Jonas Lähnemann
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My favourite (scientific) open-source software

This is a summary of the main programs I use on a regular basis for image processing, plotting, presentations, etc. Most of this open-source software is available for different platforms. For Linux users, the programs can usually be installed directly from the repositories.

The beamer class for LaTeX is my favourite way to prepare a presentation. It has a variety of templates. In the beginning work will be a little more tedious than with a wysiwyg program where you click your slides together. But quickly one knows the main functions necessary for a custom page layout. It allows sequential buildup of slides and the integration of various types of media. Using pdflatex, a pdf file is created that can then be displayed with any common program or with a specialised presentation software such as impressive.

Convert (included in the imagemagick package)
Allows image manipulation from the command line. This is especially useful if you need to perform similar operations on many files. A simple loop in a batch file or on the command line allows you, e.g. to convert all .jpgs in a directory into pngs. You may also create a gif movie out of a series of still images. But the program can do much more, it offers the whole range of manipulation and transformation operations of a big interactive image manipulation program.

Basic text editor for script programming with syntax highlighting, etc. I use it for when programming python.

The GNU Image Manipulation Program is a powerful image editor with a huge variety of tools and filters (it is not a drawing program).

A simple, but powerful and scriptable, command-line plotting program. Gnuplot is my favourite plotting tool. If necessary, the created eps file can be loaded into inkscape for further editing or combination with pixel graphics.

Gwyddion is a program to load, view and manipulate AFM or STM images. It can directly load and process data from most AFMs. The correction functions are of high quality and produce very nice results.

Python library for the analysis of multidimensional (hyperspectral) data sets. Originally developed for the TEM community with EELS and EDX spectroscopy in mind, it can also be used for the analysis of luminescence spectroscopy linescans and mappings.

ImageJ is an image manipulation and processing program for pixel graphics. It has the standard functions of this class of programs, but, in addition, can be scripted and extended fairly easily to perform specialized tasks like e.g. object counting. It runs in any Java virtual machine and is therefore platform independent.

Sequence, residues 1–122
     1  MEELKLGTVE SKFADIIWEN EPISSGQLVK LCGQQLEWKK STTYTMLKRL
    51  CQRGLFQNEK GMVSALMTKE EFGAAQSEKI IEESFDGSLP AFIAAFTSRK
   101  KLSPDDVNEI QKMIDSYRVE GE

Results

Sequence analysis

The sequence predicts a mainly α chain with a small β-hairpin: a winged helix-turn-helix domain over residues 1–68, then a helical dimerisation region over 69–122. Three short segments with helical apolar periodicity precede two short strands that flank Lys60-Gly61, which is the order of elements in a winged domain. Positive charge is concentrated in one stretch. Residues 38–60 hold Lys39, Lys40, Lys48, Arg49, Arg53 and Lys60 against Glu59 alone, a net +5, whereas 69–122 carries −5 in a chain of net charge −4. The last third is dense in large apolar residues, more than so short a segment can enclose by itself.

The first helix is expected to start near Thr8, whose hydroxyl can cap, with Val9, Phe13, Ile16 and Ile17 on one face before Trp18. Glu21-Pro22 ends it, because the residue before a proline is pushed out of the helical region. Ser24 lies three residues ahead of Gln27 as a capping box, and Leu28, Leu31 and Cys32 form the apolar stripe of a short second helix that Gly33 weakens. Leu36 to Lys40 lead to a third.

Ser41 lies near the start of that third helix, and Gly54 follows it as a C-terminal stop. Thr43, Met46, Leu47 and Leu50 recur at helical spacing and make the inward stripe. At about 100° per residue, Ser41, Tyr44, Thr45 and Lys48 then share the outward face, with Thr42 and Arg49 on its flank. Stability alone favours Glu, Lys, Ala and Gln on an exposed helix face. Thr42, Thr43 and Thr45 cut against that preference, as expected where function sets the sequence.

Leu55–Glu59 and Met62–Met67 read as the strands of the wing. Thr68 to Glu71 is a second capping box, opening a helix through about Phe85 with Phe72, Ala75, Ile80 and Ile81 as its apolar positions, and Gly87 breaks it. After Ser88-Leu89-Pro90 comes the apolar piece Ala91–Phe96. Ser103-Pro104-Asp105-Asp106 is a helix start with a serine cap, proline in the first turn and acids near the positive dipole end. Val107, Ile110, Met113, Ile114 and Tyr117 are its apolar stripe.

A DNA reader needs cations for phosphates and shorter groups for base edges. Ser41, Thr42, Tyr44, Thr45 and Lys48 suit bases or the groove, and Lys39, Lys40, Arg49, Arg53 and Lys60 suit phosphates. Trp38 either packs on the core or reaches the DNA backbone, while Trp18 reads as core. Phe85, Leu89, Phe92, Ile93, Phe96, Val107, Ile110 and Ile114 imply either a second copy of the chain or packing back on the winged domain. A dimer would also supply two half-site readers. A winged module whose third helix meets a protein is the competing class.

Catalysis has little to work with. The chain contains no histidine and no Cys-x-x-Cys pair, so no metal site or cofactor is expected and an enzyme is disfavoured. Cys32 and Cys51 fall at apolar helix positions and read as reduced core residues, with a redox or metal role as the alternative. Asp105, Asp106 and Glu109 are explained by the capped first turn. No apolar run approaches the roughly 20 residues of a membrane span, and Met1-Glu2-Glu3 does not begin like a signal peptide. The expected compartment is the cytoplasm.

Fiji ( is a package based on ImageJ, but already including many useful plugins.

Impressive is a program that displays your pdf based presentations with style. It offers smooth transitions between the slides, some unique highlighting tools, a nice overview screen to quickly jump to a certain slide and a timer with summary of time used for every slide (great for rehearsing talks).

Inkscape is a vector drawing program and a good substitute for Corel Draw. It is superior to the drawing programs included with Office Suites. Its native format is svg, but it exports to many formats including eps and pdf. I use this for most of my graphs.

JabRef is a java-based - and therefore platform independent - manager for your bibliographies (something like EndNote). It is based on BibTeX-databases and therefore easily integrates with LaTeX, but also allows export to various formats. Citations can usually be directly imported from the download options of journals. Linking of PDF-files is possible and abstracts can be included - thus it is a comfortable possibility to also manage your collection of electronic articles.

A powerful LaTeX editor based on KDE libraries. Great is the support for whole projects of various files, e.g. when writing your thesis or a book.

Cross-platform viewer and editor for drawing e.g. optical lithography masks or e-beam lithography exposure patterns supporting .gds and other file formats. Easy to learn, with many features, so no need to use more complex or commercial editors.

Maxima and wxMaxima
Is a computer algebra system (like mathematica) with a large variety of functions for the manipulation of symbolic and numerical expressions. Plotting tools are of course also included.

(Gnu) Octave and QtOctave
Free Matlab replacement and its graphical frontend. Mostly similar Syntax to Matlab. Uses gnuplot for plotting.

Another free (cross-platform) LaTeX editor. Nice for some purposes is the possibility to integrate the preview window. Also offers forward/backward searches between source and preview.

Powerful bibliography management with plugin extensions. Features include bibtex export, office-plugins, browser integration. You can obtain a complementary web-account to share bibliographies with colleagues.

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